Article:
So like most music bloggers/writers, I feel it’s my duty to list my favorite albums of the past calendar year. The only problem is, is that even though I feel I have a decent knowledge about music, I’m not hip to everything that is out there. That is why this list is called MY FAVORITE ALBUMS, and not THE BEST ALBUMS. I haven’t heard all of the music that was released this year, so I cannot properly comment on those that I have not given a good listen to. Therefore, this will be a list of my ten favorite albums of the past year, listed in alphabetical order. Feel free to comment below whether you agree or disagree.
Medeski Martin & Wood – 20
MMW has been together for 20 years, and to mark this milestone the band decided to release a collection of 20 brand new songs through their website (though you can find all of the songs on iTunes). As usual, the trio managed to produce an excellent collection of tunes that combine jazz, funk, gospel, blues, hip-hop, rock, latin, reggae, and avant-garde, to create what the band self-describes as “homeless music.” While it is not a retrospective, it does feel like one, with each song sounding like they would come from a certain album in MMW’s catalog. I highly recommend the album for fans of the band and those willing to experience some sonically brilliant music. My personal faves are “Down on Me,” “Fuck You Guys (first take),” “Stubborn Comfort,” and “Floodwaters.”
My Morning Jacket – Circuital
Since I’ve become a fan of My Morning Jacket, I’ve come to expect them to put out a high level of music with consistency. Circuital meets these expectations, and even though the highs are not nearly as high compared to its predecessor, Evil Urges, it’s a much more coherent album, failing to produce an overtly weak songs. All in all it’s a very good album that shows the band is continuing to try new musical ideas and sounds without sacrificing quality. My favorite tracks are “Circuital,” “First Light,” and “You Wanna Freak Out.”
Raphael Saadiq – Stone Rollin’
Directly building upon his previous release, The Way I See It, Saadiq continues on his quest to bring back the Motown sound, and succeeds thoroughly. Stone Rollin’ brings to mind the sound of the late 1960s/early 1970s, infusing the classic soul sound with a heavy dose of rock n’ roll and blues, creating a truly vintage, yet unique, sound. The album not only sounds great, but is incredibly fun to listen to, and for fans of ’60s soul and rock, it is a must get. I suggest “Heart Attack,” “Go to Hell,” and “Stone Rollin’.”
Sharon Jones & the Dap-Kings – Soul Time!
This album is actually a collection of singles and B-sides and not really an album of new music. However, for most fans who do not collect 45s, or do not see the band live on a regular basis, most of these songs are brand new. No matter the case, the songs are fantastic, soulful, and funky as hell. And even though this is a collection, rather than an album, the record stands up to anything else the band has put out and fans of SJDK, and funk/soul in general, should have it. My favorites are “Longer and Stronger,” “What If We All Stopped Paying Taxes,” “Ain’t No Chimneys In The Projects,” and “New Shoes.”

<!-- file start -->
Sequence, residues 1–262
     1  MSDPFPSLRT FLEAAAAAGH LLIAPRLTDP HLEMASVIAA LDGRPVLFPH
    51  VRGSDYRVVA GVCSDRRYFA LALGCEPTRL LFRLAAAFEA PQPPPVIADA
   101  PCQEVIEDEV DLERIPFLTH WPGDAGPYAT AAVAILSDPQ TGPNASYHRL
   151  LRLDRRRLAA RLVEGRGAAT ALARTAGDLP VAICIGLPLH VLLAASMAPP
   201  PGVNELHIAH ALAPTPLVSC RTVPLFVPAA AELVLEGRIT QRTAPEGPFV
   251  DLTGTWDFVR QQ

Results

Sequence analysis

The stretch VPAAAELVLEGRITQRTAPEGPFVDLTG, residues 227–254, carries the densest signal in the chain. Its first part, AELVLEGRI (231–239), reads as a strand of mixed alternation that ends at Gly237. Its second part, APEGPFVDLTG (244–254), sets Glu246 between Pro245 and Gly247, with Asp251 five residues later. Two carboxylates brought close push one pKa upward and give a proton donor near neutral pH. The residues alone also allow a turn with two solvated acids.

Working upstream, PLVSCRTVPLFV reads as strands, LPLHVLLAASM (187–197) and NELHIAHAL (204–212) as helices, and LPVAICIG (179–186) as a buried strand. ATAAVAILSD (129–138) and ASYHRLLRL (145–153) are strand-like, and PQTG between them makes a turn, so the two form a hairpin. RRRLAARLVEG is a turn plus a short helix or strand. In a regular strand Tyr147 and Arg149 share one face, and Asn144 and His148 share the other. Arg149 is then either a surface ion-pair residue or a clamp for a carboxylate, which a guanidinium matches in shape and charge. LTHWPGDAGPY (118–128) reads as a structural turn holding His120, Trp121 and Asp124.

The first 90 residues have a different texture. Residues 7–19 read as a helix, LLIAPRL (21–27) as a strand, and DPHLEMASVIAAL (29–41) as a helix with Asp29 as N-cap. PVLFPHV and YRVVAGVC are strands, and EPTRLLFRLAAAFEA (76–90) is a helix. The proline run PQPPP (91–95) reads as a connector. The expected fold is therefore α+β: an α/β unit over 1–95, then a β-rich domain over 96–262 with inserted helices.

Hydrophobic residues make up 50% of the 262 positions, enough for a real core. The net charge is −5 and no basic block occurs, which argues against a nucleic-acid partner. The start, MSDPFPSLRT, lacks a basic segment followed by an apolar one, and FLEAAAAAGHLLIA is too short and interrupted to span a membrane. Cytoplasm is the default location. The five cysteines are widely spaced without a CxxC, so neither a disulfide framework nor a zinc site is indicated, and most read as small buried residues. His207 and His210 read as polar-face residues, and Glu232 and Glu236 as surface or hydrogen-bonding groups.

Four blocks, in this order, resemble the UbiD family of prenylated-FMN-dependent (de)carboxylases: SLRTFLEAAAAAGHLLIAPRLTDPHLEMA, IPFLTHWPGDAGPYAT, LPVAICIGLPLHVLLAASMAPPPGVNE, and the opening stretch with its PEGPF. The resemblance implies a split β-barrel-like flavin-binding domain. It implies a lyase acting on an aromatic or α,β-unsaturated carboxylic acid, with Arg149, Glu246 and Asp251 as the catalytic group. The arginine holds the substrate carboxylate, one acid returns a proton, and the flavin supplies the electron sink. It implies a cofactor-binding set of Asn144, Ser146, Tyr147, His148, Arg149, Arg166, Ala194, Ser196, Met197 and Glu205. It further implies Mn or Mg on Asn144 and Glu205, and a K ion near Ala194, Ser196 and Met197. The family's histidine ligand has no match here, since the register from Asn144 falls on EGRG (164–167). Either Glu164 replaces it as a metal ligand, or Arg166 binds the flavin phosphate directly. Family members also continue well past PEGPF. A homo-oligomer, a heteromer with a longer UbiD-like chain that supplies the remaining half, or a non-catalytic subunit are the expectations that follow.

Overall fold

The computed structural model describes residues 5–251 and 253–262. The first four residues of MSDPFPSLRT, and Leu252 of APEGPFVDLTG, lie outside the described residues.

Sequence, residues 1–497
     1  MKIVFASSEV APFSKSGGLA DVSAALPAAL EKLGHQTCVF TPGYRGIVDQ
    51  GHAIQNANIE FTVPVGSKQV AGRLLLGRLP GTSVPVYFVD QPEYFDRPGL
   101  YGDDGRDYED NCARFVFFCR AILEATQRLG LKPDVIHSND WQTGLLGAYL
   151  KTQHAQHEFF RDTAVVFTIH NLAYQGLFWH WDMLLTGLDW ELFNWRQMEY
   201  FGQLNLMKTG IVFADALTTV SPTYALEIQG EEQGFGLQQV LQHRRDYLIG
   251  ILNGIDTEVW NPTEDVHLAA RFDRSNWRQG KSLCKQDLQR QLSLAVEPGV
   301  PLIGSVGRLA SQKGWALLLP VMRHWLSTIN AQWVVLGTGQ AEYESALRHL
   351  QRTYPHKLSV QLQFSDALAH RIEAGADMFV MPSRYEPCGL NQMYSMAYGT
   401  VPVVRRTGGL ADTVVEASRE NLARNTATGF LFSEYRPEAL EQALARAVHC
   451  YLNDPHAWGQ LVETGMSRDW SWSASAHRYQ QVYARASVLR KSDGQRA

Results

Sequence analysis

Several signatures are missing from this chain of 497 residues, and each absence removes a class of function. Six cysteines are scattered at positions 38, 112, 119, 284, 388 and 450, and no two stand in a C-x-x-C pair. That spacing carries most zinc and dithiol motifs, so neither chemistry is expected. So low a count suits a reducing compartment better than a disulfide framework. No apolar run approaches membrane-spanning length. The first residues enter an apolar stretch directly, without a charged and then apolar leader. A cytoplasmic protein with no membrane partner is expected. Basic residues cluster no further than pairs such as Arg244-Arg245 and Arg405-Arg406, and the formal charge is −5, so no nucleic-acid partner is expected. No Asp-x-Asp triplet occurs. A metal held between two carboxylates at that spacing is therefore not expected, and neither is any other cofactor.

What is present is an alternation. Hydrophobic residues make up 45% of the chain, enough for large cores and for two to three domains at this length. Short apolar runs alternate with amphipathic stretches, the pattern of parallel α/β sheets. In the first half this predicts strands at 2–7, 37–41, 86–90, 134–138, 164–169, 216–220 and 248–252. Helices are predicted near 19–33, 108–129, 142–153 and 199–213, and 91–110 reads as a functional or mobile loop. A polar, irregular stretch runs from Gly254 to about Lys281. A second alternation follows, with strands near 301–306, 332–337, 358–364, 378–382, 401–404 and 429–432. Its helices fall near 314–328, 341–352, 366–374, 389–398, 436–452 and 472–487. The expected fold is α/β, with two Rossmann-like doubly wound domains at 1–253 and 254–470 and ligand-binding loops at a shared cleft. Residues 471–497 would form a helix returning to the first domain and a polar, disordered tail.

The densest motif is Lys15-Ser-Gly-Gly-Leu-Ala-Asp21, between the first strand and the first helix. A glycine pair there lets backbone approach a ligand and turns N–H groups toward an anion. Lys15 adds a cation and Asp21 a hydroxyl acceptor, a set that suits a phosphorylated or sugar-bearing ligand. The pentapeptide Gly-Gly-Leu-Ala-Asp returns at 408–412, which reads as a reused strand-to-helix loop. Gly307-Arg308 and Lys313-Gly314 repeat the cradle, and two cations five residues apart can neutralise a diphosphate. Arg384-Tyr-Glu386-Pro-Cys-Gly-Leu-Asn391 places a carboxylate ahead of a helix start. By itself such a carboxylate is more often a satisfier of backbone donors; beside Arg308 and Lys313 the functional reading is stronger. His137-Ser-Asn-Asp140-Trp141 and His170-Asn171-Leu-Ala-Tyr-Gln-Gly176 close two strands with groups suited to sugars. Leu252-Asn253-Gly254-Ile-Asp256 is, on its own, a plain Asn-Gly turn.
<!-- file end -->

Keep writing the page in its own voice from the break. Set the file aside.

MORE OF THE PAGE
Wilco – The Whole Love
I’ve only started to listen to the music of Wilco over the past two years, something I’m very upset about. And due to this fact, I’ve started listening to their music in a very non-chronological order. However, I know what I like by them, and I like this album. It has the classic mix of rock and country, with a bit of avant-garde, that most Wilco albums have, and though only a few songs really stand out, the entire album is incredibly solid. Really, it’s what you’d expect from Wilco at that point, but in a good way, and just a very enjoyable record. My favorites are “Art of Almost,” “Dawned on Me,” and “Whole Love.”
The Wood Brothers – Smoke Ring Halo
This is the third time music by Chris Wood appears on this list, but unlike the MMW and MSMW albums, this is not a jazz album, but a folk-rock album with his brother, Oliver. It’s the third full-length release by The Wood Brothers, and it’s their best yet. Where their first two albums were quite constricted to sound like acoustic folk-rock, Smoke Ring Halo blows open the doors, producing a much fuller sound (likely due to the fact they have a full-time drummer now). The song-writing has also improved, giving me the impression that the band is finally reaching their potential and clicking on all cylinders. It’s truly a fantastic album and unless you hate anything that sounds folky, you should get it. My favorites are “Mary Anna,” “Shoofly Pie,” “Made It Up the Mountain,” and “Blue and Green.”
I hope all of you have a wonderful holiday season, and if I don’t get around to posting before the end of the year, a Happy New Year to everyone! – J.F.